One of the reasons for these differences is the level at which old-age safety-net benefits are set. In Australia, for example, the full-age pension in 2005 was about AU$2,000 lower than the income poverty threshold for a single person. That gap is even greater in Ireland. In contrast, the basic pension in New Zealand in 2005 was NZ$16,000, much higher than the poverty threshold of NZ$13,040 for a single person.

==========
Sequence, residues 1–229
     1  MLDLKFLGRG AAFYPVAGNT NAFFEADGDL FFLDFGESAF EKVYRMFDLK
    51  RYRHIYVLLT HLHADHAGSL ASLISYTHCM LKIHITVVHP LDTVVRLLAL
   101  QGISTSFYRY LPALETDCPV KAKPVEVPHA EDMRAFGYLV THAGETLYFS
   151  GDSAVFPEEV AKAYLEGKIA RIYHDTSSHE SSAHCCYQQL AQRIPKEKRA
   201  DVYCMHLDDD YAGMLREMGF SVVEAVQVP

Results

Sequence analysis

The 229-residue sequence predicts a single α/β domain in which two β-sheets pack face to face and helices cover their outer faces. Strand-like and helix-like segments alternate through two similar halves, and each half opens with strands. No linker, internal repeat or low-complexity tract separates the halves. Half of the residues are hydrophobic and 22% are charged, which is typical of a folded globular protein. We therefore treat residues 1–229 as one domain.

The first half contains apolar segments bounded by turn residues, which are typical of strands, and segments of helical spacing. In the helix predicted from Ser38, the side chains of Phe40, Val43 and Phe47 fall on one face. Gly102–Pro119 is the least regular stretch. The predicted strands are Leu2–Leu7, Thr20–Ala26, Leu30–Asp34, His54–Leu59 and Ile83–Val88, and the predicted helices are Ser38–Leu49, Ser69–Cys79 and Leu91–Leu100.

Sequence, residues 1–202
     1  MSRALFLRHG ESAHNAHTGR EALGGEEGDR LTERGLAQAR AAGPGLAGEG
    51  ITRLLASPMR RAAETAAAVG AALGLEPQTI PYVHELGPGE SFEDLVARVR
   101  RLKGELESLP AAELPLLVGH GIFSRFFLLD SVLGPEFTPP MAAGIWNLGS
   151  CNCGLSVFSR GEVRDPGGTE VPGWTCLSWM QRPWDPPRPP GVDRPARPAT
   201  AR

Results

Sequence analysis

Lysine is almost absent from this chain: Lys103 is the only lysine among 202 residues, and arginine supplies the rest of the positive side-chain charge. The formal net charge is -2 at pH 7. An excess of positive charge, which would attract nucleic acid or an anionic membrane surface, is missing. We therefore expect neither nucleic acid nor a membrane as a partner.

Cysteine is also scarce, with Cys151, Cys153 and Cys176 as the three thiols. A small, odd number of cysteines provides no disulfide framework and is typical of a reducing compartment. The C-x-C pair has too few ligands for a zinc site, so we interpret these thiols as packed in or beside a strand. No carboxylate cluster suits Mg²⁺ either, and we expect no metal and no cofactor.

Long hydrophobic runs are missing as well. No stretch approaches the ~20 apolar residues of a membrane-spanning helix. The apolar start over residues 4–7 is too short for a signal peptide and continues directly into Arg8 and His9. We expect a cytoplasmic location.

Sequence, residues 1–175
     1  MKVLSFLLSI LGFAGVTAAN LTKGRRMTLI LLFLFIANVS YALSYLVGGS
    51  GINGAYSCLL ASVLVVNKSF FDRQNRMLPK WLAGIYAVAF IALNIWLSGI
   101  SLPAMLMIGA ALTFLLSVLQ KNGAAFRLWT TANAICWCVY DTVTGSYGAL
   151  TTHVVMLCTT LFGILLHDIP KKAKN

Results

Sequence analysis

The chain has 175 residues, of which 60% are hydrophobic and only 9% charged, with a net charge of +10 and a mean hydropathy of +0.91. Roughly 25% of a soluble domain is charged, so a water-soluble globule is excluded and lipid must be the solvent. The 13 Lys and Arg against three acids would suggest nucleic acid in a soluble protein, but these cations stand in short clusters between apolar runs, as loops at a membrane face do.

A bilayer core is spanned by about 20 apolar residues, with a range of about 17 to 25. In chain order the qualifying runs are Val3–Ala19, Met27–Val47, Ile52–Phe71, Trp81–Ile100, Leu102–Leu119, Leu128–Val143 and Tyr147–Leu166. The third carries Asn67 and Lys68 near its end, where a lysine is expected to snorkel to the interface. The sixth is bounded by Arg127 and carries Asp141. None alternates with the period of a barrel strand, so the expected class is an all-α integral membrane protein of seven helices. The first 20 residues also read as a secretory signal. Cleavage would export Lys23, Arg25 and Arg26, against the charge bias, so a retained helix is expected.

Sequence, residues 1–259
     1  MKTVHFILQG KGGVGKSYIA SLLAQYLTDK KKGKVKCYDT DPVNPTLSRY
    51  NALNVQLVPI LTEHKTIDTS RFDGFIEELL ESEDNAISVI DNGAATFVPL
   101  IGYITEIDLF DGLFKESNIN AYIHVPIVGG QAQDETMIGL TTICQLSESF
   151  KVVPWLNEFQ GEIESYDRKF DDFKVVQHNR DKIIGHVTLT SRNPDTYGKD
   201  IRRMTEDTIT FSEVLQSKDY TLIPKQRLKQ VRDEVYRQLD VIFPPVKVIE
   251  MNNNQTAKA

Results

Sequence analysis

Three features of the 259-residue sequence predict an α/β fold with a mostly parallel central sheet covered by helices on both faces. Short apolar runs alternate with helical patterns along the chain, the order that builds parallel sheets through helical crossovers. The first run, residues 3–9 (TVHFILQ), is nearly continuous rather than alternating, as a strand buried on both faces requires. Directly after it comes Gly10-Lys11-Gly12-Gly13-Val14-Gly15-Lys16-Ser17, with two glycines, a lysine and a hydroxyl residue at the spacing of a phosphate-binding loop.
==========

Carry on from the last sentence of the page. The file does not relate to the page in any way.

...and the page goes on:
As actress Bette Davis once said, "getting old is not for sissies". Just when you expect to be reaping the rewards of a life of hard work, there is a surprisingly good chance that you will, instead, be struggling just to get by. In the mid-2000s, an average of 13.3% of people over 65 were living in poverty in OECD countries. An astonishing 45% of Koreans of that age were income poor, as were more than one out of every five older persons in Australia, Greece, Ireland, Japan, Mexico and the US. In only eight countries was the income poverty rate 5% or less among their oldest citizens.
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